Philip Romualdez, CEO of Benguet Corp, President of the ASEAN Federation of Mining Associations and the Chamber of Mines, talks to Finance Asia about the problems and prospects of moving the sector forward.

What are the key challenges facing the mining sector in the Philippines?

Well it is risk capital. As of mid year, over the prior 18-months foreign direct investment into the mining sector totaled over $500 million. So we can point to projects such as nickel processing plants to copper polimetalic mines being developed, new exploration and advancing projects from exploration to feasibility. The Philippine government has identified a number of projects, 23 in-fact, that are at the development stage that will require $6.5 billion for further expansion.

Having said that there aren't as many problems now, as we have addressed the majority of the major issues that had been inherent in the sector. That is why we are seeing positive movement. So the real issue now is in how to attract further foreign investment. Which is not so much a problem but a process that we will continue to go through?

You have been a leading figure in the sectors resurgence, what has been done to correct the problems of the past?

As an industry, together with the national government, we went through a process of amending or instigating a mining law which states that entities other than Filipinos can invest in mining operations and activities beyond the current constitutional limit of 40%. There is a provision in the constitution that allows for foreign participation for large scale projects. In the particular case of mining, that cap is for $50 million and above; foreign direct investment into those projects can take place above an equity position of 40%. To cut a long story short that is the major problem why the industry had not been able to move forward.

Now a number of these projects have already identified partners to move the projects forward. They just need to go through the long gestation period inherent to the mining sector. Which is confirmatory drilling, feasibility studies, financial closing and construction.

What more needs to be done in terms of structural development and investment to see the mining sector realize its full potential?

In terms of investment, to complete the first phase of the mineral revitalization we are looking at $6.5 billion in these 23 projects, alongside of that are 37 projects that are at the exploration stage and that will need, if taken to full exploration, an additional $500 million. It is difficult to estimate which of those 37 projects will translate into fully operational mines, because they are still only exploration targets at the moment. The results of those 37 are leading to a number of them materializing much faster, so potentially we are looking at an additional requirement of $6 billion.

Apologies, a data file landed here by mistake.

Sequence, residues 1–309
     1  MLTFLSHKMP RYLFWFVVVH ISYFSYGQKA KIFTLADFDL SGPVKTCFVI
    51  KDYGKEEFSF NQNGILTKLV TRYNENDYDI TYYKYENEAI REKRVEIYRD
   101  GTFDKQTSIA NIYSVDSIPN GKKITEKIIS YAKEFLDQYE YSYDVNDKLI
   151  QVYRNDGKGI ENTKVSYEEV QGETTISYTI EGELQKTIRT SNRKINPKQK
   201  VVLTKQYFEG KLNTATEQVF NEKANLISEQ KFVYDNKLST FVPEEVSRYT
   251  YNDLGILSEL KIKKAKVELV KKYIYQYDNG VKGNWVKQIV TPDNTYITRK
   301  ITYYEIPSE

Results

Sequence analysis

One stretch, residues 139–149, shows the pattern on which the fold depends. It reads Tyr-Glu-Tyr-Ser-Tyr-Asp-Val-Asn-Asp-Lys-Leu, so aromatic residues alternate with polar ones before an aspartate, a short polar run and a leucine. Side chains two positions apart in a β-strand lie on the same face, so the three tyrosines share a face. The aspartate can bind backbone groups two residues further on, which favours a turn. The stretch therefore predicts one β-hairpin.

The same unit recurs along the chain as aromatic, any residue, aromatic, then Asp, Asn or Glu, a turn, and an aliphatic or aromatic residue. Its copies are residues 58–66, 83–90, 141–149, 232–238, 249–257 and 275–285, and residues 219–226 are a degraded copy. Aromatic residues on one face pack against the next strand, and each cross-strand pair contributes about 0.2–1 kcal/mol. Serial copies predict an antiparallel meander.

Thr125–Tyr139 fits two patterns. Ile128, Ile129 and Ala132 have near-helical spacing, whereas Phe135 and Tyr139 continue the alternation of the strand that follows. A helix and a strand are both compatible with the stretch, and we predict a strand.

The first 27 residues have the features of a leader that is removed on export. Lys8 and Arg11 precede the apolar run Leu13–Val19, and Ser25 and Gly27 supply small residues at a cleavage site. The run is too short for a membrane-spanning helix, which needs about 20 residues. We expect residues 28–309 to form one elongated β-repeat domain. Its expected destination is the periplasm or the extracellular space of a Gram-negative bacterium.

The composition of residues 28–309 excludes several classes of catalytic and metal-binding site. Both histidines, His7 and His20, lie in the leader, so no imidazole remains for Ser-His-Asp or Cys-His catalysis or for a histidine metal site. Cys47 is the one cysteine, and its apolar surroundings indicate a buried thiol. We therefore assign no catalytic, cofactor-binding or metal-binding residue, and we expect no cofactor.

The Philippines mineral lands account for 9 million hectares of the overall 30 million hectares. However, there are only 471,000 hectares that have been granted mining permits, so there is still a lot of territory yet to be explored. The Philippine mining sector has only scratched the surface in terms of active projects. The industry needs to do a lot more in determining the country's mineral reserves. One of the leading initiatives that we are moving forward is in engaging the cooperation of countries and international organizations that can provide some of the technical capacity to help us improve our capabilities in understanding the country's mineral potential.

For example, the industry has been working with the Australian government which has offered assistance with aero-magnetic surveys that would map the entirety of the Philippines. We are also in discussions with the US Geological Survey to help us with stream sediment sampling that would map the minerals of the Philippines from the ground. Additionally, we have been talking with the Korean Government and its resource department and the Japanese Oil and Gas and Mineral Exploration Corporation, both government-owned entities in assisting in the exploration for specific minerals in certain parts of the Philippines. All of these activities are designed to increase capacity and the level of information of the country's mineral potential. This, hopefully, will lead to mining companies identifying target areas more efficiently in order for them to undertake exploratory drilling and development. In other words we are just starting all over again.

In terms of overall worth, what would a fully realized mining sector bring to the country?

The government believes that fully explored, the country has $1 trillion worth of mineral in the ground.

Although, that is hard to validate today, because we need to gather more information to determine that. Given the success rate of exploration to discovery, the Philippines is one of the most target rich environments for minerals, which goes to the point that geologist figure that the Philippine endowment (the amount of minerals per square kilometer) is one of the highest in the world. The Philippines ranks in the top five in the world in terms of gold copper and nickel.